The gills were covered in 4-spored basidia; and I couldn't see any cheilocystidia.


The spores were the right shape and size for C. hobsonii.

400x magnification. Mounted in water.
1000x magnification. Stained with PlaqSearch and mounted in water.

And the clincher I managed to observe the angled (~ decagonal) outline to the spores, in polar view.


I think this is sufficient information to confirm the collection as C. hobsonii. With thanks to Nick Aplin for the tip off!

The books say you're supposed to be able to see ridges running down the length of the spores: I couldn't make these out at all. But there are quite a few micrographs purporting to be of C. hobsonii spores online and most of these don't show the ridges either; I think they must be just very difficult to observe.

On the freshly cut surface of the main trunk, Wrinkled Crust Phlebia radiata was beginning to spread.




While on the north side of the trunk, Smoky Bracket Bjerkandera adusta was growing in profusion...


... with its distinctive grey pores.


I was intrigued by the very hairy surface of this fruit body, which had white pores underneath. The books say the upper surface of Smokey Bracket Bjerkandera adusta can be felty, becoming smooth. So perhaps a particularly felty example is what I'm looking at here.



Oyster Mushrooms – a Pleurotus species – were forcing their way through the bark in places.




And I loved these, but I couldn't say what they are; they were really tiny, just a few millimetres across.



Last but not least, I should also give a mention to this old thing, growing at the base of the standing trunk: one of the Ganoderma species (either Southern Bracket Ganoderma australe or Artist's Bracket Ganoderma applanatum).





I make that 13 different species on that one big old Beech.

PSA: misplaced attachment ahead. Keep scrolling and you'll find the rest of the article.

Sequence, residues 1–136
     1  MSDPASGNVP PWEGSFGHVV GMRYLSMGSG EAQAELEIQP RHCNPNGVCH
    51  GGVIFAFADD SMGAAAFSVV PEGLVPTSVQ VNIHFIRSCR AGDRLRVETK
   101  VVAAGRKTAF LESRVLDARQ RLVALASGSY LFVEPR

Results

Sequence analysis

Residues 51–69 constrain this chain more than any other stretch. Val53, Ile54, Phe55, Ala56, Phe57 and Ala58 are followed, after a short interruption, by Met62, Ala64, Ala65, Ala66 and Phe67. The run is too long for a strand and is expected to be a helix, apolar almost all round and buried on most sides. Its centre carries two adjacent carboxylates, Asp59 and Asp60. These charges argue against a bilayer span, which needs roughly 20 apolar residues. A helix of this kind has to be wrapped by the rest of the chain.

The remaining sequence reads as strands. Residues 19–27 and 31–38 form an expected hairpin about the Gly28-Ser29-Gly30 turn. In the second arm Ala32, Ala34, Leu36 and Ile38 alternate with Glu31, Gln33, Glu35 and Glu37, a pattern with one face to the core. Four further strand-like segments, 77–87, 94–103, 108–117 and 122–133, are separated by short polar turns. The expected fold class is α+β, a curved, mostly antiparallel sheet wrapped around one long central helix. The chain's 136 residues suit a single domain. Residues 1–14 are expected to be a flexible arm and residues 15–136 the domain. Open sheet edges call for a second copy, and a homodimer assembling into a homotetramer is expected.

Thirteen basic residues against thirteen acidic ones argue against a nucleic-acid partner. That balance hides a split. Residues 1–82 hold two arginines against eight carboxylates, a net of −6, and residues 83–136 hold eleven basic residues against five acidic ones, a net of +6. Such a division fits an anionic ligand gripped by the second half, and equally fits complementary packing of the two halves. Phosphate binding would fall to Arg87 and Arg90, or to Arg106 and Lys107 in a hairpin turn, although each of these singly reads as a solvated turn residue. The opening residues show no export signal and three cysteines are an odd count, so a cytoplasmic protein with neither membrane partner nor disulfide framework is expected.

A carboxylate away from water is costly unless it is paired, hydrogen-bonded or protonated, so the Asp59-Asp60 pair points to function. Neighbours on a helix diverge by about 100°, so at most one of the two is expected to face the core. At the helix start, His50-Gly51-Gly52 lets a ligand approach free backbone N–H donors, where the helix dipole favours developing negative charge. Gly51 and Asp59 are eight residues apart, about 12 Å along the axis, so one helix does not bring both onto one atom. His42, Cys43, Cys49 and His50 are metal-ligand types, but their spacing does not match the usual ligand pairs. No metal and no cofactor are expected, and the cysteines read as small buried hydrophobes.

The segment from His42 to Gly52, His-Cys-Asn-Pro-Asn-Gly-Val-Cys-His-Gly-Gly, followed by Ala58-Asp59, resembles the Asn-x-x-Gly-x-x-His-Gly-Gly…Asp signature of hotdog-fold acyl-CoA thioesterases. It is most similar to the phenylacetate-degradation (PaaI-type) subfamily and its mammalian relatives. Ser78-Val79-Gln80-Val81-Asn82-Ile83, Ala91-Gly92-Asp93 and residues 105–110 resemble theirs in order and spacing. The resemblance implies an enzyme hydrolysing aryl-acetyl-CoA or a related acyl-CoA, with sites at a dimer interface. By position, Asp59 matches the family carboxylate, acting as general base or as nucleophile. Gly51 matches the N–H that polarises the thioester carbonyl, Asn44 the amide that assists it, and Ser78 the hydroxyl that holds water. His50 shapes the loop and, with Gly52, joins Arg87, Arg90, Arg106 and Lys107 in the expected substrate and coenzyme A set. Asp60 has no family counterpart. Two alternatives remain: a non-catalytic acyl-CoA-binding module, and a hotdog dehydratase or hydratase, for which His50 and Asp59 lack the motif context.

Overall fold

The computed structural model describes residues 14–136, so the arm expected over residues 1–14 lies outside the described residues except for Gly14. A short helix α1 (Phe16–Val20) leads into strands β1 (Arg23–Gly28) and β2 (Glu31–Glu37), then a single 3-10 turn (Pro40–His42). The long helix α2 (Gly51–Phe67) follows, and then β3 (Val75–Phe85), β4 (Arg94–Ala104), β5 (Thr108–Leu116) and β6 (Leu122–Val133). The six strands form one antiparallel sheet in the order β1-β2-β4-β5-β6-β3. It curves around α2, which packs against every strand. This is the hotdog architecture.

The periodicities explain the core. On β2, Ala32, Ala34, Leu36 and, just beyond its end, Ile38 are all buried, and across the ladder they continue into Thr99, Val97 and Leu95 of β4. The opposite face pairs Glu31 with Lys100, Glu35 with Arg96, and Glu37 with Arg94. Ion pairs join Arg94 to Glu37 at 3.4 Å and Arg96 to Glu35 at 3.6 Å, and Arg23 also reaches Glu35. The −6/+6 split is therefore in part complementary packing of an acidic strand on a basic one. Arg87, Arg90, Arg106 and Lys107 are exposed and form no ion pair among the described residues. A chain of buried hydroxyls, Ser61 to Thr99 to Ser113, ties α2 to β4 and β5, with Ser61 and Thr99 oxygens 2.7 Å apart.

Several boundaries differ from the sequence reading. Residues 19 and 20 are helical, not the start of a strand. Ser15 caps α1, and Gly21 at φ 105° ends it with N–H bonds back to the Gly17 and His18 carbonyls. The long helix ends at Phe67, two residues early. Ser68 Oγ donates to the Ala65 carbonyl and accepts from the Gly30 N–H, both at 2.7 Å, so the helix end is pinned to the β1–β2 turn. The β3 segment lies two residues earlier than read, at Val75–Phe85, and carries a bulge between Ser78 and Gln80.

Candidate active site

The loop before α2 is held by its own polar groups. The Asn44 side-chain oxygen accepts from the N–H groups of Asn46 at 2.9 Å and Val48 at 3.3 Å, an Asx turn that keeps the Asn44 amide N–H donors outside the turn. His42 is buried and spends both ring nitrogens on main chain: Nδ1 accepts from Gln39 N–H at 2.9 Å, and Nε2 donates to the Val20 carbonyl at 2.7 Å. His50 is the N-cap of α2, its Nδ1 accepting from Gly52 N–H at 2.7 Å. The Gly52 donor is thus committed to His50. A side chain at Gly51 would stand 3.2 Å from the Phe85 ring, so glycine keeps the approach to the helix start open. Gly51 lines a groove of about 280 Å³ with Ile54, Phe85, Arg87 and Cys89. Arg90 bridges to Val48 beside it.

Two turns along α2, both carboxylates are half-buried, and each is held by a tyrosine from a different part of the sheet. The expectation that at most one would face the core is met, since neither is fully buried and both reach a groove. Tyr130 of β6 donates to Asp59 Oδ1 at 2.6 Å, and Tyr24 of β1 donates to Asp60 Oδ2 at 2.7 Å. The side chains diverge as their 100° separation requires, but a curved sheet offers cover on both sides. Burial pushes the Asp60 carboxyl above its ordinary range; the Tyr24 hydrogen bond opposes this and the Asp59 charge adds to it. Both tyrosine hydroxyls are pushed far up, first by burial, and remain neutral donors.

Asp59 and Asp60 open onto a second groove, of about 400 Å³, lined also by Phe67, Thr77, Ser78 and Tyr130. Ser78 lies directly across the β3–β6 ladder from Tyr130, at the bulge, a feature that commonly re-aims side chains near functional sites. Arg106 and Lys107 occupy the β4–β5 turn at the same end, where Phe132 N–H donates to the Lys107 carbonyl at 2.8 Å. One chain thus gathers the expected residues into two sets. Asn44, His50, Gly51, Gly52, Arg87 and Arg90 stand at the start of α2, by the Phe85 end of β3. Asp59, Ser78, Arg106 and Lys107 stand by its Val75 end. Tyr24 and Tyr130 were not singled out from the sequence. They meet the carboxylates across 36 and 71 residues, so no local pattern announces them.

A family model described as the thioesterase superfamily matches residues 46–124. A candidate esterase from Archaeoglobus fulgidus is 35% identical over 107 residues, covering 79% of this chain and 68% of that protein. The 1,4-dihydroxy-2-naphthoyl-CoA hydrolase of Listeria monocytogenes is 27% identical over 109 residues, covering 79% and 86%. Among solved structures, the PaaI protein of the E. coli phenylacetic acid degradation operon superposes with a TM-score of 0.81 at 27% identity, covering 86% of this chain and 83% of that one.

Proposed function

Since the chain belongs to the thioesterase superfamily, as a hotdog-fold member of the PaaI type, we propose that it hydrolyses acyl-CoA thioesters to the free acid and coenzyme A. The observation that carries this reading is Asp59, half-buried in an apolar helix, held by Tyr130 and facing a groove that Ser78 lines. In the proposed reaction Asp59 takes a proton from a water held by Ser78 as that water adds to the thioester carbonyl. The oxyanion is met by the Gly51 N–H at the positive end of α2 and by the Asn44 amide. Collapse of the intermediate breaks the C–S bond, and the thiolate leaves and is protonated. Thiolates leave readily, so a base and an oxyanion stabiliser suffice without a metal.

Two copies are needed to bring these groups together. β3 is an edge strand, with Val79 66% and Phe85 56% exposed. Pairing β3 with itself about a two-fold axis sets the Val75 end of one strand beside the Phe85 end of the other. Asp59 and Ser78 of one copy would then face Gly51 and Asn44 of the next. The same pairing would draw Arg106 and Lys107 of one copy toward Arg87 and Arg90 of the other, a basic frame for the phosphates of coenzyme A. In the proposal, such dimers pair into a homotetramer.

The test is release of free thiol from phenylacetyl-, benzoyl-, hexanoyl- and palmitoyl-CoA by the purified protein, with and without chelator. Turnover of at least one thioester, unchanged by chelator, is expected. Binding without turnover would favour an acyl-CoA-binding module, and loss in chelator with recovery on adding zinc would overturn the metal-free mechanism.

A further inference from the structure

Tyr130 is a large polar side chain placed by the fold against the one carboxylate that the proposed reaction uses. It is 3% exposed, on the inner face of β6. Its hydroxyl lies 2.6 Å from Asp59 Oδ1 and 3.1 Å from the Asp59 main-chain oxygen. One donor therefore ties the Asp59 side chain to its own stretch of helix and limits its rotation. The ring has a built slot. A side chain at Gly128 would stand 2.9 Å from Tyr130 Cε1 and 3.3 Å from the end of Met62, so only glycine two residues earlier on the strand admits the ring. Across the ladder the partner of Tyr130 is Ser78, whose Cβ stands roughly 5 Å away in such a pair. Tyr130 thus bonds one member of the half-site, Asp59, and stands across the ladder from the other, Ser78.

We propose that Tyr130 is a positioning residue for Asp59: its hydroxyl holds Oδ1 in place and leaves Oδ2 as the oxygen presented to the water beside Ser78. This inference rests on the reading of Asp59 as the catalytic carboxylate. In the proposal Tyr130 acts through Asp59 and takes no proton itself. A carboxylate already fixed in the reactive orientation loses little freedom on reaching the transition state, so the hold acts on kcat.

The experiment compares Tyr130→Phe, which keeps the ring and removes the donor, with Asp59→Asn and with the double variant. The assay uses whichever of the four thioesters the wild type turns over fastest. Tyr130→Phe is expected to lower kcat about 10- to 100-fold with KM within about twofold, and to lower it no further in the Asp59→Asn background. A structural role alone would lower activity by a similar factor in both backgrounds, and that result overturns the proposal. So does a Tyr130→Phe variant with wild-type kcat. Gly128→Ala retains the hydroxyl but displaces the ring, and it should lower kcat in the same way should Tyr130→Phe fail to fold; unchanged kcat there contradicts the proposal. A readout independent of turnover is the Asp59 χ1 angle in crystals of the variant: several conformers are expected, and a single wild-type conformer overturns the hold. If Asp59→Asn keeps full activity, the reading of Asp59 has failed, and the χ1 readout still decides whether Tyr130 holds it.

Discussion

And this inconspicuous little brown job was growing in the ride adjacent. 


After intensive investigations, I'm inclined to call this one Scurfy Twiglet Tubaria furfuracea.

Clockwise from top left: Gills & tan-coloured spore print; spores; cheilocystidia; basidia (4-spored)

Walking through the rest of Rowland Wood I didn't find much else.

This raspberry-coloured slime mould was very spectacular, growing in one of the rides that the mulcher had recently driven through.


And I think this is probably Common Jellyspot Dacrymyces stillatus providing a tiny splash of colour on the logs by the parking circle.


I've spent ages trying to find something that looks like D. stillatus spores (which wikipedia says look like this) but all I can find is this sort of thing. Hyphal fragments, maybe?



On the same log, a white slime mould was busy fruiting inside a small crevice.


Here's a small sample five hours later, under the stereomicroscope. It's changed colour!




Have sought some help over on the British Slime Moulds Facebook page with the slime moulds; apparently I need to wait for them to mature to get an identification.


(1) I found an interesting article in Mycologist (Vol. 10, part 1, 1996) on 'The breakdown of a beech tree - The first five years' by G. A. Fenwick. URL: https://doi.org/10.1016/S0269-915X(96)80047-4

After 5 years the author found the tree had been colonised by a total of 29 different fungi; so I reckon finding 13 species on just one visit to the Rowland Wood beech tree isn't bad! 

(2) Wendt et al., 2017, Resurrection and emendation of the Hypoxylaceae, recognised from a multigene phylogeny of the Xylariales, Mycological Progress, URL: https://doi.org/10.1007/s11557-017-1311-3


(3) Delivorias & Gonou-Zagou, 2011, NOT WITHOUT A MICROSCOPE: Look-alike species of Cheimonophyllum, Clitopilus, Crepidotus and Entoloma, Field Mycology, URL: https://doi.org/10.1016/j.fldmyc.2011.03.005

For the record
Date: 14/01/2018
Location: Rowland Wood
Grid ref: Big Beech is at TQ514150; Raspberry-coloured slime mould at TQ512151; Tiny orange fungus and the other slime mould at TQ515148